Analysis

         {¶11} As an initial matter, Vancrest contends that the trial court committed reversible error because Mullenhour did "not present rebuttal evidence." (Appellant's Brief at 7, citing Conti v. Spitzer Auto World Amherst Inc, 9th Dist Lorain No 07CA009121, 2008-Ohio-1320, ¶ 54 (Dickson, J, concurring)). Vancrest's assertion is erroneous for a number of reasons. Primarily, the alleged proposition of law to which Vancrest directs us appears in a concurring opinion (related to a case involving a jury trial), which discusses that appellate-court judge's opinion as to the criminal- and civil-manifest-weight standards of review. In that concurring opinion, that appellate-court judge cites to a more verbose concurring opinion (authored by the same appellate-court judge) explaining his disagreement with the Supreme Court of Ohio's recitation of the manifest-weight standard of review applied to civil cases in Ohio. See Huntington Natl. Bank v. Chappell, 183 Ohio App.3d 1, 2007-Ohio-4344, ¶ 17-75 (9th Dist.) (Dickson, J., concurring). Clearly, one appellate-court judge's opinion, appearing as a concurring opinion regarding the criminal- and civil-manifest-weight standards of review, does not rise to the level of an applicable statement of law.

         {¶12} Moreover, it is illogical to even contend that-under the standard of review applied to motions to dismiss under Civ.R. 41(B)(2)-a dismissed action is reversible because the defense did not present rebuttal evidence. In other words, the purpose of Civ.R. 41(B)(2) is to preserve judicial economy by permitting a trial court to assess whether the plaintiff has established the elements of its case under the appropriate quantum of evidence before moving forward with the trial. Accordingly, the focus of an appellate court's review of a trial court's dismissal of an action under Civ.R. 41(B)(2) assesses the trial court's analysis of the plaintiffs case. That is, we review whether the trial court's conclusion that the plaintiff failed to establish the appropriate quantum of proof for each element of its case is supported by some competent, credible evidence or whether the trial court erroneously applied the law. Therefore, applying the appropriate standard-of-review, we will address Vancrest's argument that the trial court erred by dismissing its complaint.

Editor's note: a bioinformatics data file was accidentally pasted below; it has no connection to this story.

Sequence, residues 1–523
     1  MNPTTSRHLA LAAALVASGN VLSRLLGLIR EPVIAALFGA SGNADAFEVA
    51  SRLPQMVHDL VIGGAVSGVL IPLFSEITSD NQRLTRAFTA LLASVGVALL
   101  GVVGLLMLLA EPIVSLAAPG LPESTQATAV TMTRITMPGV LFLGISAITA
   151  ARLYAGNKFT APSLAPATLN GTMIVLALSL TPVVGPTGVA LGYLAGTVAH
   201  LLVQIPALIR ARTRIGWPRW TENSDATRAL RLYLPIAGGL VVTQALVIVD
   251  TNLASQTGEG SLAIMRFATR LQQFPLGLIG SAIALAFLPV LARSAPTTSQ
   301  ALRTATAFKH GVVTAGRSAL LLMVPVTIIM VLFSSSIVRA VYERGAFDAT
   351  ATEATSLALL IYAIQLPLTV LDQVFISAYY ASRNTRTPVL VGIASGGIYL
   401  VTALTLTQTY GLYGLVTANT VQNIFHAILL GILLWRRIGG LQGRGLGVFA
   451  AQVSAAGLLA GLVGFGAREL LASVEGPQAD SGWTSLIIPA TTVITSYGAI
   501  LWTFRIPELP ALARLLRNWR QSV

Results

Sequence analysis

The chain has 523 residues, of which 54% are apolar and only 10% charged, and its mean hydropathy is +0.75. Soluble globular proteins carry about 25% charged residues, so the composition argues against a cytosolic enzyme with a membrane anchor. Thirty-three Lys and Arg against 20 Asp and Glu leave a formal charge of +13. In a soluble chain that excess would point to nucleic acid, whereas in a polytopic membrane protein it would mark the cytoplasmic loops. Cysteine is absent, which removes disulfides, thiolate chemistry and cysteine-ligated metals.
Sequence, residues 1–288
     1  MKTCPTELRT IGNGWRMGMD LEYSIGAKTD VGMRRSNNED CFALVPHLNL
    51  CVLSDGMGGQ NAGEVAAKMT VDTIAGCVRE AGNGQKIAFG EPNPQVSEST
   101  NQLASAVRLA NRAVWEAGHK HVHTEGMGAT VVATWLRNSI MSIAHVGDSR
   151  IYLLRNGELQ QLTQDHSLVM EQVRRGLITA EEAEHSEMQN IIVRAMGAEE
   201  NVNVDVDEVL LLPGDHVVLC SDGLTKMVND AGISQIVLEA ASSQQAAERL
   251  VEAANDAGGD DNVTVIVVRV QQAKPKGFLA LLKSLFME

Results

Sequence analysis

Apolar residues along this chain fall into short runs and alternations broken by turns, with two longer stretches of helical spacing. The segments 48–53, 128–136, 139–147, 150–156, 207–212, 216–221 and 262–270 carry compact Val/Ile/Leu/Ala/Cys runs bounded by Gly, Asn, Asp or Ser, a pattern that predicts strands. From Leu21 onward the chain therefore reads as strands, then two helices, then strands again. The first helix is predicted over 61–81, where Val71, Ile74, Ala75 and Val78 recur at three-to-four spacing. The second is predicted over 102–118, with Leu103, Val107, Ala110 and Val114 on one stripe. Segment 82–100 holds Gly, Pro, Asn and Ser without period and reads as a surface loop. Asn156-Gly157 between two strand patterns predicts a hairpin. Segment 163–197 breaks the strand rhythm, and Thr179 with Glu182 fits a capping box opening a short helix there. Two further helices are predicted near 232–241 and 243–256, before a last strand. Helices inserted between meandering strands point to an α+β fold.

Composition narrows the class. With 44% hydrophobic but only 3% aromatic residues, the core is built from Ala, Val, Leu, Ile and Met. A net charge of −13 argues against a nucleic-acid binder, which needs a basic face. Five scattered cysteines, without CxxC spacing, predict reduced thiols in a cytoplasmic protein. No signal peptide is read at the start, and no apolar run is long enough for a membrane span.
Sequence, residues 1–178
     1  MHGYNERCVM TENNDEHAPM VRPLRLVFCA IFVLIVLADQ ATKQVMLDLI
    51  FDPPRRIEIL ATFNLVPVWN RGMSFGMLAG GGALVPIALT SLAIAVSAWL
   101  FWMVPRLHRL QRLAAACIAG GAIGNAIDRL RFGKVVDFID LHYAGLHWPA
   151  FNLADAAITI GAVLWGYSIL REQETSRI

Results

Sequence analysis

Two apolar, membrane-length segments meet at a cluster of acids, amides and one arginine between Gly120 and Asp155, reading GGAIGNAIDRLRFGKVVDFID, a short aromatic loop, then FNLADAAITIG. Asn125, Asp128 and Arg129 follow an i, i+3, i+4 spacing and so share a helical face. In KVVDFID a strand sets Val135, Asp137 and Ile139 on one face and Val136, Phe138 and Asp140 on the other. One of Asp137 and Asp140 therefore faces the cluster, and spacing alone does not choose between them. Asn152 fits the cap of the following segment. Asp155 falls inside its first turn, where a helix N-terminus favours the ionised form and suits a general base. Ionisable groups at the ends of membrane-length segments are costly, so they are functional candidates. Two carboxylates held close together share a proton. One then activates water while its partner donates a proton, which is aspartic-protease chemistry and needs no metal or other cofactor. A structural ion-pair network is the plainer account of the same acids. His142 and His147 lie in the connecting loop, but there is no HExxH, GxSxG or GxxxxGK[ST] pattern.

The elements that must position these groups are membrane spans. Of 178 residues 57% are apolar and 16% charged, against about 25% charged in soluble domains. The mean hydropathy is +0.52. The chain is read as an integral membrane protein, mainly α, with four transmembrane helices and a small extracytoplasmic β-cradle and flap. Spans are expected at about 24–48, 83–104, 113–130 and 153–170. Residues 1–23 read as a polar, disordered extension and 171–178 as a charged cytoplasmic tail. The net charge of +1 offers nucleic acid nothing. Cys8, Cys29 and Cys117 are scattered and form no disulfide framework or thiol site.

Breach of Contract